“The amount of digital assets on [Celsius’s] platform grew faster than the company was prepared to deploy. As a result, the company made what, in hindsight, proved to be certain poor asset deployment decisions,” Chief Executive Alex Mashinsky wrote in a filling, citing a poor investment and unanticipated loss are attributed to its loss, resulting in the disability of returning money to their clients.
“Some of these deployment activities took time to unwind, and left the Company with disproportional liabilities when measured against the unprecedented market declines.”
According to Financial Times, The 61-page filing showed the crypto lender with a liability of $5.5 billion, including a $4.7 billion user liabilities. The amount can be translated into a significant loss for these clients that need to face. Its assets value is $4.3 billion. Previously, Reuters reported the company has around 1.7 million in cash on hand.
A day earlier, the cryptocurrency lender had filed for Chapter 11 bankruptcy at the U.S. Bankruptcy Court for the Southern District of New York.
In the filing, New Jersey-based Celsius also said it had $40 million in claims against Singapore-based crypto hedge fund Three Arrows Capital. The hedge fund also filed for bankruptcy earlier this month.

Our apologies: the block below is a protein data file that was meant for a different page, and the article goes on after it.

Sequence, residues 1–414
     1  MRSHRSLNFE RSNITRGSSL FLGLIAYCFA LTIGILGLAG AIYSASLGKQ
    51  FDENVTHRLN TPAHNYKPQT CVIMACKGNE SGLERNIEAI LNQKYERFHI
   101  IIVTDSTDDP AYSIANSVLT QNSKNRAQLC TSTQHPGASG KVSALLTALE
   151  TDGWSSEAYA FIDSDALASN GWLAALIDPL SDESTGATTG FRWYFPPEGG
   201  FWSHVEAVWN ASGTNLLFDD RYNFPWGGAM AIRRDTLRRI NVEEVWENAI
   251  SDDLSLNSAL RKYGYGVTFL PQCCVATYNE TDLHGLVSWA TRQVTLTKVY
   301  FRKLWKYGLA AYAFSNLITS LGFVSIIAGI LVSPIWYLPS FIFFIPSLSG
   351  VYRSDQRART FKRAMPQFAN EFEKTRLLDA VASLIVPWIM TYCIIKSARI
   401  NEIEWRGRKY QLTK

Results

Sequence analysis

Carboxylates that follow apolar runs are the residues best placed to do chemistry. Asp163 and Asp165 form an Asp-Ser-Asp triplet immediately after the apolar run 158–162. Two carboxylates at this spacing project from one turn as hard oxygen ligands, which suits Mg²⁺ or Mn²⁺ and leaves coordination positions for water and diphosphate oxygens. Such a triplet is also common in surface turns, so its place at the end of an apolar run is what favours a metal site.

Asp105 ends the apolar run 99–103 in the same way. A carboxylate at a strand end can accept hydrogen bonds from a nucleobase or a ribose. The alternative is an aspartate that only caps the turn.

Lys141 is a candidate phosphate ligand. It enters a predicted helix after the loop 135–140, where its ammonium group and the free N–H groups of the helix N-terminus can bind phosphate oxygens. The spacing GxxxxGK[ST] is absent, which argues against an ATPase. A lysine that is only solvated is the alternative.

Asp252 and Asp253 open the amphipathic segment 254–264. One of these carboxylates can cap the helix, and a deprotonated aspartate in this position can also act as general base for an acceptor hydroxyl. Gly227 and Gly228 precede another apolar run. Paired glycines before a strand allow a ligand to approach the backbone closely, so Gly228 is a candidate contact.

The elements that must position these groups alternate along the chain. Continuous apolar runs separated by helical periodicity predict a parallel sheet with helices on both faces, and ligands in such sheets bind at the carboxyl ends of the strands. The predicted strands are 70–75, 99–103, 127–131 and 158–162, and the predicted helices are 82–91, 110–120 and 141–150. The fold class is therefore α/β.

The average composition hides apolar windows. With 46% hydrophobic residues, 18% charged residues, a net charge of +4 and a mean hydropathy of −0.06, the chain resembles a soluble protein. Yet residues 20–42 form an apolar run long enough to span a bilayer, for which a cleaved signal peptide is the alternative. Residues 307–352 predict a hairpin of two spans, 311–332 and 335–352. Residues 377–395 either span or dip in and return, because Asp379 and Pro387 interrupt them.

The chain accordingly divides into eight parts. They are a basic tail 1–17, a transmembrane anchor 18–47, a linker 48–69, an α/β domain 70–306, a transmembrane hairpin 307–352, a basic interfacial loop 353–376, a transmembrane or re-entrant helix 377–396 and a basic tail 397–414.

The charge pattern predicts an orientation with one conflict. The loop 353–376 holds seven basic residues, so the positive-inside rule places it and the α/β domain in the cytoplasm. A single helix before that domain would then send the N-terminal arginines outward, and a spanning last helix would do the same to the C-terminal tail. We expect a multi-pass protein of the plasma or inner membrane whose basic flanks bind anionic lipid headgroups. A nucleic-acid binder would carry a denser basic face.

The crypto lender froze all withdrawals and transfers around a month ago, citing unfavourable market situations as the crypto market plunged, cutting off access to savings for individual investors.
Celsius left 1.7 million customers unable to redeem their assets by freezing withdrawals and transfers, which has prompted state securities regulators in New Jersey, Texas and Washington to investigate the decision.
According to Reuters, Celsius had about 23,000 outstanding loans to retail borrowers as of July 13. It added that the loans totalled $411 million backed by collateral with a market value of $765.5 million in digital assets.
Celsius had positioned itself in the market by promising more than 18% in interest to peoples’ holdings who deposit their digital coins. In turn, the crypto lender lent those coins out, Bloomberg reported.
However, the lenders’ business model turned vulnerable after a sharp crypto market sell-off catapulted by the collapse of major tokens terraUSD and luna in May.
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